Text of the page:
After last week's article about making hay with the grandparents, I was compelled to keep the story going as there was another whole perspective on the experience than just mine. When I made it known that I was going to write about making hay, it led to a flurry of texts and messages between myself, my Morrison sisters and Kronberger cousins Dan and Barb. A veritable flood of memories was unleashed. Once I had a summer job, haying was passed down to them.
Dan reminded us of how, if any of the machinery needed servicing, Grandpa was sure to have grease from one end of him to the other. I hate to pick on him, but Grandpa got caught up in the power take-off of the tractor once. Now this was scary and thankfully none of us kids were around to witness it, but Grandpa came out okay, just lots of cuts, bumps and many bruises.
Generally, we were done for the season by Sandi’s birthday on July 9th. Except one year. Grandpa showed up with a hearty, “Hey!” and she had to go. By the end of the day, she had perfected the pout to an artform.
Betti is generally one of the more graceful of us all, but there was one year she fell through a rotted board on the wagon. Yep, one minute she was there, the next anyone’s guess. Then, there was the year Grandpa took a corner too fast on the drive to the barn and Betti flew off the wagon and rolled through the gravel. As I am universally considered the klutz of the bunch, I would have paid to see that one. Well, only because she wasn’t hurt, just skinned up a bit. When Grandpa took off, if you weren’t ready, you were slammed against the back of the wagon. Either learn to balance or pay the price, always accompanied by lots of giggles.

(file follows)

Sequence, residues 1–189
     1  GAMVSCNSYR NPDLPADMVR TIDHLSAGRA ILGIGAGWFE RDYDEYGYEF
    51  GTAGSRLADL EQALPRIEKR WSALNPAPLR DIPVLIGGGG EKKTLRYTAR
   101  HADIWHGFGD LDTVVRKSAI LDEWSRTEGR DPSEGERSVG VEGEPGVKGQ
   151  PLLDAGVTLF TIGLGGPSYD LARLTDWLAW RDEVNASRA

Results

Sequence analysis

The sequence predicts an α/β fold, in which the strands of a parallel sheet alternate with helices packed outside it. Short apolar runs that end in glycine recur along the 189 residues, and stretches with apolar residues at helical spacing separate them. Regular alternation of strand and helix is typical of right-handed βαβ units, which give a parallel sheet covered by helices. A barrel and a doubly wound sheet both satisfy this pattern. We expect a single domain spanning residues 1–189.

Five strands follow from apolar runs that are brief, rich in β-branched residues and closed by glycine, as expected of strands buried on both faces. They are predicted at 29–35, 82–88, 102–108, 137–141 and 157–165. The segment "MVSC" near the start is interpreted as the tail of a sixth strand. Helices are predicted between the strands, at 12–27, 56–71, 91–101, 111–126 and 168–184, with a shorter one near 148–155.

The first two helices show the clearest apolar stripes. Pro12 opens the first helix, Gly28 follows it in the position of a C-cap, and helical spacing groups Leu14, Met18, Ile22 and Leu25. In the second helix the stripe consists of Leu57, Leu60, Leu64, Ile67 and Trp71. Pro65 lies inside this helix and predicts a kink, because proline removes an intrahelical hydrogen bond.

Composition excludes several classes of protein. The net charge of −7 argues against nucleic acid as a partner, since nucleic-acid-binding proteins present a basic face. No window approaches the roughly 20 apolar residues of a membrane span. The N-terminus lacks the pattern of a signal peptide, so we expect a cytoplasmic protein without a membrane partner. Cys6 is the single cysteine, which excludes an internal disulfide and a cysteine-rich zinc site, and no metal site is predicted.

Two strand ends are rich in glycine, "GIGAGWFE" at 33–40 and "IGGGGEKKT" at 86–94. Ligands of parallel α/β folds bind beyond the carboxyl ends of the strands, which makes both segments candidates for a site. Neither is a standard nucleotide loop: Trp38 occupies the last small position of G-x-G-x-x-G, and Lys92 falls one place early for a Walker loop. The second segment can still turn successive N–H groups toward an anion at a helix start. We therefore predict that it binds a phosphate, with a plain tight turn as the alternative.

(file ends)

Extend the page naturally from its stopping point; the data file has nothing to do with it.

There was also the time Dan was run over by the wagon. Just his leg. No big deal. (I’m chuckling.)
I think Grandpa let us all drive before we were old enough. Jacci and Dan were both allowed to drive the loaded wagons into the barn. Barb ran the electric fence over and it took a bit of time to extract the wire from the drive shaft. I nearly missed the barn once while trying to remember how to brake. Grandpa always took it well. That’s the great thing about grandparents.
Old Mike lorded over it all in his perch from the mow, cussing and swearing every time the conveyor clogged. Otherwise, he was a kindly man with a ready smile. If he had to drive the old Allis Chalmers, he did it standing up because he was afraid the seat would fall off as it hung out over the pto shaft.
Grandma really enjoyed having us all there. Jacci reminded us of the hot dogs, beans, chips and Kool-Aid Gram served at the end of the day and how it was a time to sit around the table, tell stories, laugh and just be together. If new barn kitties had been born, Gram would take us all out to see. She kept food out for them at all times. Sometimes she’d take us into the grainery to see the mice scatter.
So, at the conclusion of it all, we are very lucky to have such rich memories and we truly believe it gave us a solid work ethic. But honestly, don’t you see a reality show in all this?